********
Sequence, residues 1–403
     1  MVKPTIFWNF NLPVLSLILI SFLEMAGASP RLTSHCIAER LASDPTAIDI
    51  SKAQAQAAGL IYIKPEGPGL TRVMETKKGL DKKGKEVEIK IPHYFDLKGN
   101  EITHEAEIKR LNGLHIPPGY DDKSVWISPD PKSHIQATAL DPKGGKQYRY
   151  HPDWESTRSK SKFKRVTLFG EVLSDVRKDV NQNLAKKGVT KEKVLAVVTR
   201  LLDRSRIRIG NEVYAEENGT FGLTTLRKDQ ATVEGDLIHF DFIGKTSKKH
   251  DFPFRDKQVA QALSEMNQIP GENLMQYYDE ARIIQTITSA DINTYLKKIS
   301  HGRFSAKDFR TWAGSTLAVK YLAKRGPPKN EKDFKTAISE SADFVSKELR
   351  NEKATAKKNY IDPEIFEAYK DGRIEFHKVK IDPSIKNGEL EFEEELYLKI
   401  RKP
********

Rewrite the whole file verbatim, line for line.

Sequence, residues 1–403
     1  MVKPTIFWNF NLPVLSLILI SFLEMAGASP RLTSHCIAER LASDPTAIDI
    51  SKAQAQAAGL IYIKPEGPGL TRVMETKKGL DKKGKEVEIK IPHYFDLKGN
   101  EITHEAEIKR LNGLHIPPGY DDKSVWISPD PKSHIQATAL DPKGGKQYRY
   151  HPDWESTRSK SKFKRVTLFG EVLSDVRKDV NQNLAKKGVT KEKVLAVVTR
   201  LLDRSRIRIG NEVYAEENGT FGLTTLRKDQ ATVEGDLIHF DFIGKTSKKH
   251  DFPFRDKQVA QALSEMNQIP GENLMQYYDE ARIIQTITSA DINTYLKKIS
   301  HGRFSAKDFR TWAGSTLAVK YLAKRGPPKN EKDFKTAISE SADFVSKELR
   351  NEKATAKKNY IDPEIFEAYK DGRIEFHKVK IDPSIKNGEL EFEEELYLKI
   401  RKP